With Man In Mind
Although a responsible and welcome critical literature in the social sciences has in recent years been measuring the human costs of urban renewal and environmental degradation, telling the designer what to avoid does not necessarily enlighten him about what to do. The designers too have been transforming their attitudes, moving away from the rhetorical toward the socially aware and the scientific. The two groups are readier to meet now than ever before, and if they do so in the ways put forth in this book - with man in mind - then we will be better able to bring our environmental technologies into human service. With Man in Mind is not, however a handbook or manual of techniques, ready-made; it is instead an argument for changing the terms of our discourse about man and environment so that we can do interdisciplinary research on questions that matter. With the questioning of the ideas in this book, collaboration may finally begin.
About the Author
Constance Perin has been a fellow at the Adlai Stevenson Institute of International Affairs. She was managing editor of the Journal of the American Institute of Planners for five years and has worked at the Department of Housing and Urban Development in the Office of Metropolitan Development.
"This is an engaging and well-written book about an important subject: how concepts from behavioral sciences can bring a central concern for human behavior and development to environmental design.... The book is easily read and, therefore, accessible to practitioners and students who wish to inform themselves of ideas being developed in research on behavior and the environment. The author seems qualified for the task not only by an expertise as a behaviorist or designer, but by being more knowledgeable than most specialists about both fields. The book is amply annotated with references and source material."—Design and Environment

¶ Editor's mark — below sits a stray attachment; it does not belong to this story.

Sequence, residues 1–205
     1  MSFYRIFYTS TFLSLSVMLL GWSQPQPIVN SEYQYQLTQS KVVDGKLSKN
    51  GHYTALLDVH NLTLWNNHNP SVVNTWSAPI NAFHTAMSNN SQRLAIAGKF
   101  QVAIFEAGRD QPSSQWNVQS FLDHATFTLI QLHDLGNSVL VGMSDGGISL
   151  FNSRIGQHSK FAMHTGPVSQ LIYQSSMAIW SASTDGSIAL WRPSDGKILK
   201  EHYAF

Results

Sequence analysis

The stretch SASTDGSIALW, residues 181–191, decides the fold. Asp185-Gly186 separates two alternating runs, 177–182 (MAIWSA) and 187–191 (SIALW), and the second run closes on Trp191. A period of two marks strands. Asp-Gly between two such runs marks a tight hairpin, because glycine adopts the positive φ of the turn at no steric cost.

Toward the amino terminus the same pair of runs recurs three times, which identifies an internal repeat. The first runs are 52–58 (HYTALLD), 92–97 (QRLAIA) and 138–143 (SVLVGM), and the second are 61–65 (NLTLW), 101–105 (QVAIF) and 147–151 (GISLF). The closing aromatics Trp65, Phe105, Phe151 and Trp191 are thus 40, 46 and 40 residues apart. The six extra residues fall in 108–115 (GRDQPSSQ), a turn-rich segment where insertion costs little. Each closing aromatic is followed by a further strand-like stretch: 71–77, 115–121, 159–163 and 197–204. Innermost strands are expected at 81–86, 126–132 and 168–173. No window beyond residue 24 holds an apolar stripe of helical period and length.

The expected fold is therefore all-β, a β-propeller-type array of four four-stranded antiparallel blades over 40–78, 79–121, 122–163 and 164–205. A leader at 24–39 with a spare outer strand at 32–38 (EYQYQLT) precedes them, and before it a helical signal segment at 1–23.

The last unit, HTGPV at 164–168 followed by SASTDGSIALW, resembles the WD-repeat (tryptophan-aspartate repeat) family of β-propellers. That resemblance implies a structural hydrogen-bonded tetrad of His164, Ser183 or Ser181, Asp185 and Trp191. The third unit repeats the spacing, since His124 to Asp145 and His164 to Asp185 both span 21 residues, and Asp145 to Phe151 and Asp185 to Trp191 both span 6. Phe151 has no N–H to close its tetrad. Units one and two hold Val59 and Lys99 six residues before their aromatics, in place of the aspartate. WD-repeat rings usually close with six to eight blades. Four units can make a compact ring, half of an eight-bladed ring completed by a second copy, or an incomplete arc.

"Constance Perin convincingly pleas for the institutionalization of behavioral research in her important book, With Man in Mind. City planner Perin separates the things people do into units called behavior circuits. By tracking people's behavior through their everyday activities at the scale of the room, the house, the block, the neighborhood, the city, Miss Perin believes we will begin to learn what resources - physical and human - are needed to support people."
—Design and Environment